In looking beyond the region’s borders, the postcolonial era of neoliberal globalisation and rapid and wide-ranging technologies of communication and mass media present new relationships of power, economic exchange and cultural capital that exist between the region and other influential Asian states such as China, Japan, South Korea and India. For example, popular music from South Korea (K-pop) and India (Bollywood) are widely consumed across Southeast Asia in various forms of media. Of course, Anglo-American influences of popular culture from the colonial era until present-day persist in Southeast Asian popular music in localised forms of jazz, rock, hip-hop, electronic dance music, indie and various other genres and subgenres of music. Through these forms of music, artists and fans also form distinct global networks of interaction and exchange that transcend national and regional boundaries.

We invite papers on Southeast Asian popular music as well as other music that intersect with Southeast Asia (e.g. Southeast Asian diasporas in Africa, South America, North America, Europe and East Asia), along the lines of the following issues:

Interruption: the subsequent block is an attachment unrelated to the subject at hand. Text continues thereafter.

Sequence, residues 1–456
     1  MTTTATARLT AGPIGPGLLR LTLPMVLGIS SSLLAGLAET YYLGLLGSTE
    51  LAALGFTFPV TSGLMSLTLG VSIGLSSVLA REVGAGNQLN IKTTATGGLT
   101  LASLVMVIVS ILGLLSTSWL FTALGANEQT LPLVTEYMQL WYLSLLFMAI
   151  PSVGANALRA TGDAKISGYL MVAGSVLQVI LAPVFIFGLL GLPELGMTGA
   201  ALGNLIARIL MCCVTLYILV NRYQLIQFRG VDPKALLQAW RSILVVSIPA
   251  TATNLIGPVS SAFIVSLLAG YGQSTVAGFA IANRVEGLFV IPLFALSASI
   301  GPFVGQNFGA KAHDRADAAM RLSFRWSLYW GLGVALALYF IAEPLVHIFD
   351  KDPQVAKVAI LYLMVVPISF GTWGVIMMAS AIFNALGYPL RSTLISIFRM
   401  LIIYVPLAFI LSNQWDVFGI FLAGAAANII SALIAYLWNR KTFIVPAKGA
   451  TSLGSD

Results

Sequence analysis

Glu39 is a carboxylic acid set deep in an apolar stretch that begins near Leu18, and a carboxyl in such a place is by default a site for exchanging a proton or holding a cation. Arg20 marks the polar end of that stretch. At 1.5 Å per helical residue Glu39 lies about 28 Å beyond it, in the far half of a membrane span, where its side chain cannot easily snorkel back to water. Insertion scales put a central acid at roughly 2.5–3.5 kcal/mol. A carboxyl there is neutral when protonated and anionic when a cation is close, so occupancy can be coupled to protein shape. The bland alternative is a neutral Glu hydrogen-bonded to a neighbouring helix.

1. Within – What are distinctly local forms of popular music expressed within national borders? Are there practices on the margins of such national spaces that contest the hegemony of the state or state-imposed national cultures? How are aspects of ‘internal’ national-cultural identity promoted or challenged in hybridised/globalised popular music made with nation-state borders? 

  2. Across – What were the flows of movement and migration experienced by artistes and their music across national borders in Southeast Asia? How did these movements and musical exchanges shape their popular music and the communities that consumed or exploited their talent? How might the fluidities of Southeast Asia as a regional space of cultural and economic interaction be understood in expressions of popular music?

  3. Beyond – What are the past and current trends of popular culture, external to the region, that influence Southeast Asia’s popular music? How do current technologies of mass media affect the performance, production, and consumption of popular music in the region? How are relationships of power, economic exchange and cultural capital between the region and other influential states (such as China, Japan, South Korea, India, Australia, America, United Kingdom) expressed in the region's popular music? Further, how are particular Southeast Asian popular music artistes and producers localising the foreign or the global; or, in turn globalising the local?